The “vicious, personal attacks” that Members of Congress are subject to come in the form of advertisements, not violence. If you’re looking for a “public servant” that’s actually in danger while doing his job, talk to a mailman not a politician. The last member to be killed in an individual attack was Rep. Leo Ryan in 1978. Before Rep. Steve Scalise was shot, the last serious injury was the Rep. Gabrielle Giffords' shooting in 2011. Prior to that it was Sen. John Stennis in 1973.

Four attacks in 44 years isn’t exactly the definition of danger, yet now Marco Rubio has a flying wedge of security surrounding him inside the Senate buildings. Unless he’s worried about being confronted by a constituent over flagrant absenteeism, I can’t imagine what is worrying him.

Neither, for that matter, can the FBI. In spite of all the hand-wringing in the halls of Congress, the Bureau said it, “has not seen a sustained trend in criminal threats to Members of Congress. It is galvanized into action only “when the threats are regarded as credible and meeting a certain threshold.”

That’s not exactly reassuring when we remember all the “known wolf” jihadis that have been on FBI radar and disappeared, but again why shouldn’t our elected representatives be subject to the same dangers and “wrong-place-at-wrong-time” randomness that the people who pay their salary are?

Criminal court judges have jobs that generate threats and they deal daily with people who have a potential for violence that exceeds that of even the most hardcore TEA Party member, yet they don’t travel around town surrounded by a ring of steel.

When there is a credible threat, they get protection. Otherwise they live like citizens.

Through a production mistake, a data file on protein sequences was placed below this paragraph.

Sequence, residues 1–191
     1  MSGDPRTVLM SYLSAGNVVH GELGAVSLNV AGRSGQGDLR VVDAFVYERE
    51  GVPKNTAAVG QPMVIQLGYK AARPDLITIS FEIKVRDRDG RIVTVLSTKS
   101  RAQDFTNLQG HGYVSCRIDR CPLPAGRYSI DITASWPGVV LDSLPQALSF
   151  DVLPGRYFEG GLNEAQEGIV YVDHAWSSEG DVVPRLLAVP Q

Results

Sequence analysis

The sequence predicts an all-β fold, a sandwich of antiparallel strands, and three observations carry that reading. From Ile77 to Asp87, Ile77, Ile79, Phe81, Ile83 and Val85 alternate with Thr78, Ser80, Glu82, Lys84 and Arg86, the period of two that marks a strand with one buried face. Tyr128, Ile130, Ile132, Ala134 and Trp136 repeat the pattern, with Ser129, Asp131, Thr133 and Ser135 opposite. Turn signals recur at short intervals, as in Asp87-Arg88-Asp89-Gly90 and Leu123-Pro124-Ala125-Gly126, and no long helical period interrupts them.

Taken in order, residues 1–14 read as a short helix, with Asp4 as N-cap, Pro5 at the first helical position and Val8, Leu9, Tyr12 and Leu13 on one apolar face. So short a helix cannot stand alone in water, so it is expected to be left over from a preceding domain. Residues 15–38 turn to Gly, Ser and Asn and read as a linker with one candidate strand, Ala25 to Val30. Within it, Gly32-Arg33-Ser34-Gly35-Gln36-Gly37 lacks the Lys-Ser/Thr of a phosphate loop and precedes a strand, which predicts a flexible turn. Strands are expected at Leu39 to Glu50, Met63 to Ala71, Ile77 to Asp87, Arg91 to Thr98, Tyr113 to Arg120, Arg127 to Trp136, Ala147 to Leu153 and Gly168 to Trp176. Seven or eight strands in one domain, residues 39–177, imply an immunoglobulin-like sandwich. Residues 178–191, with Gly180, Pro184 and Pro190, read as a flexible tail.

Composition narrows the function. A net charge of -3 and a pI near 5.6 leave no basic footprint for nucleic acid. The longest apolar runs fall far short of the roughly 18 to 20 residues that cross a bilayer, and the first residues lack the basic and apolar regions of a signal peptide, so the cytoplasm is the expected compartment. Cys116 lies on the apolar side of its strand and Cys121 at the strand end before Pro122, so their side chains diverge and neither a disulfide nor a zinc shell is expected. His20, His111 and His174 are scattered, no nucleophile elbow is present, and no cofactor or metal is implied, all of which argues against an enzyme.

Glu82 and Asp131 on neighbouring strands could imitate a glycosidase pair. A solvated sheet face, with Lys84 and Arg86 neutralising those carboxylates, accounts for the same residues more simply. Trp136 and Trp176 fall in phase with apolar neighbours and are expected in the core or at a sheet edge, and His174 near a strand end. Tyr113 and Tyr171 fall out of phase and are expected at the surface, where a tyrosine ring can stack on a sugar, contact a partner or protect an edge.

PR-conscious members, like Rep. Cedric Richmond (D–LA), are making a big push for a congressional response that will apply equally to all members: “If you look at our leadership…they have full­time protection detail. Everybody else is just really left out there on their own.”

The resulting, massive multi-billion-dollar cost is a small price to pay to avoid individual criticism from voters.

The truth is the “Deplorables” who venture out to support President Trump in a Los Angeles rally without being surrounded by black SUVs are a better example than some members. To hide inside a cordon of bullet-headed intimidators, on the basis of mere threats, is a shocking display of cowardice from people who never tire of telling voters how hard they are "fighting for us."

Michael R. Shannon is a commentator, researcher for the League of American Voters, and an award-winning political and advertising consultant with nationwide and international experience. He is author of "Conservative Christian’s Guidebook for Living in Secular Times (Now with added humor!)." Read more of Michael Shannon's reports — Go Here Now.

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The lunatic that opened fire at Republicans practicing for the annual Congressional baseball game may have only succeeded in making Congress even more remote and detached from the lives of the people the members allegedly represent.
congress, representatives, senators, security
Thursday, 27 July 2017 10:55 AM